Personal Travel Managers Report Positive Signs for International Travel

Personal Travel Managers Report Positive Signs for International Travel

Featured photo: Personal Travel Manager – Cathy Moir

Would-be travellers hoping to visit Europe during the upcoming northern hemisphere summer might be disappointed to realise they are facing a shortage of availability on flights during the traditional peak travel months of June to September. However, TravelManagers is confident of airlines increasing capacity and describes this latest challenge as a happy problem – the latest sign that Australia’s international travel market is on the road to recovery.

TravelManagers’ Executive General Manager, Michael Gazal, says the home-based travel brand is experiencing a steady recovery from the impact of COVID-19 on travel in 2020 and 2021, with total sales for the January to April 2022 period sitting at just under half of the same period in 2019 (and an increase of 508 percent on the same period in 2021).

“Most encouraging is our month-on-month improvement,” he adds, “with sales for April 2022sales sitting at just over 75 percent of April 2019. Although we are still only halfway through the month, sales for the first two week of May are at 89 percent of the equivalent two week in 2019.”

Gazal says there has been a shift in lead-times for travel, with approximately two-thirds of YTD sales being for travel pre-June. By contrast, at the same point in 2019, only 58 percent of sales were for pre-June travel.

“This means that this year’s 2022 pre-June departures are sitting at 71 percent of our 2019 pre-June departures: a significant recovery after two very quiet years for the industry,” he notes.

Although the recovery is currently being driven primarily by airfare sales – which he attributes to a pent-up demand for customers wanting to visit family and friends overseas – Gazal says there are clear indications that other sectors, including coach touring and cruise holidays, are also accelerating as consumer confidence picks up.

According to Gazal, TravelManagers is also experiencing a rise in insurance sales and service fees, with travellers having become more aware, in the wake of COVID, of the importance of having personal on-the-ground support and insurance cover.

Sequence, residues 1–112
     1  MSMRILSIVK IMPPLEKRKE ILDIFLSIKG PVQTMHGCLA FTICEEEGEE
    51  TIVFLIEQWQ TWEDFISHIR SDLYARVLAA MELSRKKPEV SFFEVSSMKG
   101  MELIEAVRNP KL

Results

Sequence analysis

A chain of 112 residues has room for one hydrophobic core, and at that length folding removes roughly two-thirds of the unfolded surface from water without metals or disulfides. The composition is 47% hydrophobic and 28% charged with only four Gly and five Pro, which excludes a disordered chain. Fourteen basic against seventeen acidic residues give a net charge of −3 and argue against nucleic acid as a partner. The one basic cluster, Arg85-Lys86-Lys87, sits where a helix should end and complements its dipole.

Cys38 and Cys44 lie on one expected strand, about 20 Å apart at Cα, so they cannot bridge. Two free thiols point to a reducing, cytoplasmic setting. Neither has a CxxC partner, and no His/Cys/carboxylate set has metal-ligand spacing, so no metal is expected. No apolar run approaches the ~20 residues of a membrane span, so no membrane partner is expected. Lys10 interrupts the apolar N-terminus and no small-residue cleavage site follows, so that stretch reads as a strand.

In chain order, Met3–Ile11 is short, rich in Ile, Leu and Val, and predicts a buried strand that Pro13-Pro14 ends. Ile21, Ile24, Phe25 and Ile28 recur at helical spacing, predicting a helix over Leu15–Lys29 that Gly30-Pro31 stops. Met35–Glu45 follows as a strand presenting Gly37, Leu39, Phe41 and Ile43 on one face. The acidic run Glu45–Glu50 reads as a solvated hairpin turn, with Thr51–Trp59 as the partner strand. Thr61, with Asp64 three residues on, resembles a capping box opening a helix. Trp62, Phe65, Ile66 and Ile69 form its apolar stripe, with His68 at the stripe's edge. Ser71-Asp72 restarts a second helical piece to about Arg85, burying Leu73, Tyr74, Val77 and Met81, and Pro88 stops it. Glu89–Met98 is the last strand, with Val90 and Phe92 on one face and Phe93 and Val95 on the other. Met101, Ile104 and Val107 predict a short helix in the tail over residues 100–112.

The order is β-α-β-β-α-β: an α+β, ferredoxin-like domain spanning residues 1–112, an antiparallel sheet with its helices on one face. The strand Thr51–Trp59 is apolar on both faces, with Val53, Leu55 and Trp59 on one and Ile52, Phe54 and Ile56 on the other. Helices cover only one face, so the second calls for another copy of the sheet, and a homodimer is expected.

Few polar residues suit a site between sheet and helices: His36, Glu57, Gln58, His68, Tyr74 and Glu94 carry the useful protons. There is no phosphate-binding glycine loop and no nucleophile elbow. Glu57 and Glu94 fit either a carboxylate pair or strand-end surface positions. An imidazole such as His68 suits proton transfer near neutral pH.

“Many of our personal travel managers (PTMs) dedicated countless hours to processing changes, refunds and cancellations at the beginning of the pandemic, often without receiving any financial recognition for their efforts. Although they were happy to provide assistance wherever possible, it did result in increased realisation for PTMs that they needed to become comfortable with charging for their time and expertise.”

Gazal says PTMs received ongoing practical support and training from TravelManagers’ National Partnership (NPO) team throughout the pandemic, with regular virtual training

sessions that covered everything from upskilling on domestic travel to rationalising the concept of service fees.

“As a result of virtual training, sales in domestic holidays for January to April 2022 were up by 120 percent on the same period in 2019,” he reports. “What’s more, PTMs were ready to hit the ground running as the international travel market picked up pace, so that as well as experiencing solid growth in airfare and accommodation sales, insurance and service fees are up as a component of total travel sales by 56 and 44 percent respectively.”

For PTM Cathy Moir at Gymea Bay, the recovery is taking place at a pace she would not have predicted even six months ago.

“I’m actually struggling at times to keep up with the level of enquiry,” she smiles. “It’s a real mixture of destinations and holidays: people excited to finally see family after a long period of enforced absence, travellers in their twenties looking to resume delayed or curtailed overseas working holidays, and plenty of holiday makers who are looking for some winter sun in Fiji.”

“In all, it’s been a positive start to 2022, and whilst there may be some lingering uncertainty in some sections of the community, it would be accurate to describe the current mood as ‘increasingly optimistic’,” Gazal concludes.